The Federation of St Kitts and Nevis will be celebrating 38 years of independence on September 19th under the theme of "Adapt, Diversify, Recreate: Independence 38."
LONDON, Sept. 17, 2021 /PRNewswire/ — The Federation of St Kitts and Nevis celebrated its 38th Independence Anniversary on September 19th. With the theme of “Adapt, Diversify, Recreate: Independence 38,” the day will commemorate the country’s independence from the United Kingdom almost four decades ago

During his second voyage in 1493, Christopher Columbus landed on St Kitts and named the island after his patron saint, Christopher. The British in 1623 and the French in 1624 were the first Europeans who settled on the islands, and on September 19th 1983, St Kitts and Nevis attained independence within the British Commonwealth.

Typically, the occasion encompasses streets filled with a carnival atmosphere with music, calypso shows, and parades of dancers in colourful costumes. However, due to COVID-19 protocols, some of this year’s independence events will not be held, while others will be scaled back to limit health risks for citizens. The celebratory activities that mark the national occasion are spread throughout September and run into October 2021.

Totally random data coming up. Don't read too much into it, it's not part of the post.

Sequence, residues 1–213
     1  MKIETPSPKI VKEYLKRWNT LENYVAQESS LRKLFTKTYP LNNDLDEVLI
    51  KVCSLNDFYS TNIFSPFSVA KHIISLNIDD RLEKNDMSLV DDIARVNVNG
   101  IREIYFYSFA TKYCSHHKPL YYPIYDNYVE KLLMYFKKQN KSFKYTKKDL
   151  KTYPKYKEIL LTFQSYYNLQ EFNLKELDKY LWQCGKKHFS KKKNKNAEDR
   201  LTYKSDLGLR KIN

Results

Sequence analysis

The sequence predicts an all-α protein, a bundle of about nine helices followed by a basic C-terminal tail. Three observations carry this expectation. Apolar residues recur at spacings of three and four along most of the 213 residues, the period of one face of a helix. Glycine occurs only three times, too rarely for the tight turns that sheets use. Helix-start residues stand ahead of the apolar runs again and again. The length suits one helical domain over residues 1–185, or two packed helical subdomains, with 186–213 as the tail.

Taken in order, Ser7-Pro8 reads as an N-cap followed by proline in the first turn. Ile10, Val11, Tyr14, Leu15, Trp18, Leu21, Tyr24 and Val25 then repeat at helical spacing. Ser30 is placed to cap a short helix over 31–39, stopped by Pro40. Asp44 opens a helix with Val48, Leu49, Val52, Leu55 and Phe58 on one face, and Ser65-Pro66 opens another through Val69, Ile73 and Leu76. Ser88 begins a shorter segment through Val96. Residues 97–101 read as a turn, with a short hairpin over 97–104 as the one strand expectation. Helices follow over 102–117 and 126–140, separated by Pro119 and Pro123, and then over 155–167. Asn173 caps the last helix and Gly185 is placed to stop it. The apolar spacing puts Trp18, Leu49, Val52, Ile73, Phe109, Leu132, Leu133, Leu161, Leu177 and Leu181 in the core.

After St Kitts and Nevis gained independence, the nation inaugurated the world’s best and longest-standing Citizenship by Investment (CBI) programme in 1984. The programme allows vetted foreigners to attain citizenship after they make a monetary contribution to the nation’s economy. The accumulated funds help the government build a more robust education, health and social foundation for citizens.

Until now, CBI has facilitated the creation of countless jobs in construction, health, hospitality, and tourism through projects like Port Zante, the largest vessel dock in the region, and an athletic track on the island of Nevis. “CBI has been there for us from the very beginning. It has not only aided in our fight against COVID-19 but has established our country as an independent economy that stands as one of the strongest in the region,” Les Khan, the CEO of St Kitts and Nevis’ CBI Unit, told CS Global Partners.

Today, CBI makes up to 35 percent of the government revenue. While citizenship hopefuls need not reside, visit, or know the English language or local culture, they must pass some of the strictest due diligence checks. Successful applicants gain lifetime rights to live, work and study in the country and access high-quality healthcare and education. They can also travel to nearly 160 destinations without a pre-departure visa, a perk that has become a necessity in an uncertain world.

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